Guest post by Megan Jones, 2018-2019 Sustainability Leadership Fellow and Ph.D. Student in the Department of Human Dimensions of Natural Resources
Evaluating the impact of our work is one of the bugbears of sustainability scientists and practitioners alike: we know we should do it, we don’t have the resources for it, and so we keep our fingers crossed and keep working. As one of a cohort of scientists just finishing a yearlong sustainability leadership fellowship, I wonder – how do we know what difference it made to our science and practice? Here I’m talking less about evaluation best practices, which I’m sure SoGES draws on. Rather, I’m talking about the SLF students as part of a wider community of scientists-as-humans, who are caught up in the dailiness of our lives. What stories do we tell about how this experience has shaped us, and how do we know we’re telling them right?
I have many anecdotes from the SoGES Sustainability Leadership Fellowship that I can share to evidence the impact it’s had on me and my fellow fellows. They include our passionate debate about the meaning of the word “sustainability,” which we’re still discussing months later, the science communication training that made me get on Twitter (shout out to Nancy Baron, for telling me I should do this, and to Cara Steger, for role modeling how I could), and the fact that I now track my work hours on SlimTimer (thanks Dr. Sarah Reed!). And that’s not to mention the friendships with other amazing scientists that have grown over the last year, or the inspiration from knowing that there’s more amazing scientists to get to know than there is time for coffee dates.
We are taught that anecdotal evidence is not scientific. And yet anecdotes are the seeds from which stories grow, and the stories we tell ourselves have power. This is why we have such a clear responsibility to use them well, especially if and when our position as scientists gives us added authority. In the fields I work in, women’s conservation leadership and pro-environmental behavior change, scientists try to identify how people can take action and influence others to promote healthy relationships between people and nature. But how do we apply those ideas when we, the scientists, are the “people” who are being trained to change their leadership and their behavior, and in so doing help to change the world? Here, I suggest a few ways that concepts from social science can help us – participations, trainers, and observers – understand how sustainability leadership training has shaped us.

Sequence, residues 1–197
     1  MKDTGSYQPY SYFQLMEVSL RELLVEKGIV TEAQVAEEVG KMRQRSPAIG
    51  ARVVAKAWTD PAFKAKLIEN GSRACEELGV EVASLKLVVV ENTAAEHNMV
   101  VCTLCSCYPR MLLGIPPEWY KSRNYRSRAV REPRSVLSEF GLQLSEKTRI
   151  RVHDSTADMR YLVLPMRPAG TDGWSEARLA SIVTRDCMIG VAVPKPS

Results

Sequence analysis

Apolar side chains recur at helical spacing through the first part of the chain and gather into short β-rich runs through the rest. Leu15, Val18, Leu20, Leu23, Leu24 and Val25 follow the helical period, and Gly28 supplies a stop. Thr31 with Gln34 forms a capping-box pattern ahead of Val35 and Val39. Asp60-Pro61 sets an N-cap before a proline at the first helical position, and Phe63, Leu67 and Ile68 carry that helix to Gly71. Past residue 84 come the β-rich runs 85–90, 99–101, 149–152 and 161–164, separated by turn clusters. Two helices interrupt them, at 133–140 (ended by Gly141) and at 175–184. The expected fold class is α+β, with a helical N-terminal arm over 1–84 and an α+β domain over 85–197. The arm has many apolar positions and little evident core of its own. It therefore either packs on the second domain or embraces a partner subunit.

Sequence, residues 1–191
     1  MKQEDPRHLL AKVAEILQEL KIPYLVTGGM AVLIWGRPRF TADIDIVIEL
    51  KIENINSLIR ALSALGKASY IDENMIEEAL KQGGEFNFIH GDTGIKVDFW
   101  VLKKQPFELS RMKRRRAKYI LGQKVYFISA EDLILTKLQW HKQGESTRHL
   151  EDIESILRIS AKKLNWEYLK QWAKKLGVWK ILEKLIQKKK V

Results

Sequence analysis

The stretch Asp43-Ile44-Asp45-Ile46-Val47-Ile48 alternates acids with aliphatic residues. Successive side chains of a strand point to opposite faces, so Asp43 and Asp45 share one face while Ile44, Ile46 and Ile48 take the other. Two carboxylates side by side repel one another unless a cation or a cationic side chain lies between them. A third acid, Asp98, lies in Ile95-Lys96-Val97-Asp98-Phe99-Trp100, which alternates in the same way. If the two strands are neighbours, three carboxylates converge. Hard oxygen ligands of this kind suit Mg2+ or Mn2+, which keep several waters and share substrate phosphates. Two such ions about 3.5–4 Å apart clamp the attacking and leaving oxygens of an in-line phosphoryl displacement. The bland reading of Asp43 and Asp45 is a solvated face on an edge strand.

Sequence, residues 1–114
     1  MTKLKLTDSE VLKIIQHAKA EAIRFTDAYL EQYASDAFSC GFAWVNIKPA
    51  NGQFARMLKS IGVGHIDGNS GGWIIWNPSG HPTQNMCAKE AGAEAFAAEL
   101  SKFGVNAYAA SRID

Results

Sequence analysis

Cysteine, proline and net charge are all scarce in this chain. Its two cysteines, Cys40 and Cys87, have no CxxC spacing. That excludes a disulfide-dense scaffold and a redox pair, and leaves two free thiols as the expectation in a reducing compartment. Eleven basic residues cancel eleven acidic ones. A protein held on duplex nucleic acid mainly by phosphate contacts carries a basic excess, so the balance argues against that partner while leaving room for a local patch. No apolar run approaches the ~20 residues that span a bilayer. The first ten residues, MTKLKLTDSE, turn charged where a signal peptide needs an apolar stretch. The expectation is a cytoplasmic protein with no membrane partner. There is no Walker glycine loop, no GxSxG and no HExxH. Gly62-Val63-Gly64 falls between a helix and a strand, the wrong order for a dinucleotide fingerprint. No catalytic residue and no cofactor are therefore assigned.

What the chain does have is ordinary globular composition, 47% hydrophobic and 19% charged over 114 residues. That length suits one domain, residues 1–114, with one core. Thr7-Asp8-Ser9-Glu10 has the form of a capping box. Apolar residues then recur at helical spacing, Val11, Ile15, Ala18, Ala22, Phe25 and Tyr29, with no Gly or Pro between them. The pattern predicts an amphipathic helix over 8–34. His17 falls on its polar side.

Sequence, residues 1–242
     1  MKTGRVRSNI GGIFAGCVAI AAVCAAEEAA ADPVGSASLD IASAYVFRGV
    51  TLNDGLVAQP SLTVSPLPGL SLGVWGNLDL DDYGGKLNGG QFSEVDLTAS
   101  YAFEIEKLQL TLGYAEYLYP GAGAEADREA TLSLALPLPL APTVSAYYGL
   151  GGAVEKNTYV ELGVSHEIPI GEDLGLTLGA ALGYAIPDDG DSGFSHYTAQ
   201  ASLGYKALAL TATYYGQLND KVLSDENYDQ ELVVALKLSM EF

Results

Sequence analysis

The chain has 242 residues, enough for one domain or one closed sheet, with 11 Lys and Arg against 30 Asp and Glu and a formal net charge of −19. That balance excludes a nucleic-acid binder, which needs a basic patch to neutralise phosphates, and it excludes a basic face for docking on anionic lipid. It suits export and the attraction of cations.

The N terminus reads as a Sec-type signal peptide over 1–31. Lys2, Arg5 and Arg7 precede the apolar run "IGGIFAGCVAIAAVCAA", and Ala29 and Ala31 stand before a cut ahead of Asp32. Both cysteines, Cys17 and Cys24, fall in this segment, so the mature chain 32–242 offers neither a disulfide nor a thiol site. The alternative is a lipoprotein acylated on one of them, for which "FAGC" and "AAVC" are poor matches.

- Opting in? No, dude, I totally chose this! Research on choice shows us that we think we make decisions based on our own beliefs and values, even when our decisions are actually shaped by infrastructure around us – be it opt-out organ donation forms or bike lanes. So as participants in a training we may overlook ways in which it has affected us, seeing instead the ways we think we’ve chosen to change.
- A mug is worth more if it’s mine: In a now iconic study, behavioral economists found that if they gave people a mug, people were only willing to sell it for more than what they knew was the market value. So as an SLF participant, it’s possible I might exaggerate its value (in stories I tell myself and those I tell others) simply because I feel ownership over it.
- Perceptions are data: Social scientists have worked for a long time to show that perceptions have value in science. They have argued, for instance, that perceptions determine the benefits of conservation to local people, the legitimacy of national parks, and the norms about what environmental behaviors are right or wrong. So despite biases (1) and (2), understanding participants’ experiences is still a crucial part of knowing if a training has been harmful, helpful, or even unimportant – and that means hearing from others as well as our own perspective.
- Scientists learn from those they trust: Scientists are humans, and humans are built to absorb information from sources we trust. On Hidden Brain Cailin O’Connor describes how when doctors stick to the status quo and don’t trust outsider ideas it halts innovation, giving examples of smallpox inoculation in the 1700s and stomach ulcers in the 1900s. This suggests spaces like the SoGES fellowship can be essential for pushing us out of our bubbles, so we can build trust across disciplines and exchange new ideas.
How do we measure progress in sustainability? In daylights, in sunsets, in midnights, in cups of coffee? It’s like a line from a retelling of the musical Rent, but instead of the AIDS crisis the cast are singing about sustainability and wicked problems. (I’d totally go watch that.) Until we get our tidy musical ending, perhaps we can use social science principles as one set of tools to help make sure we tell the right stories about the impacts of a sustainability leadership fellowship – just like we try to tell the right stories about what our science means.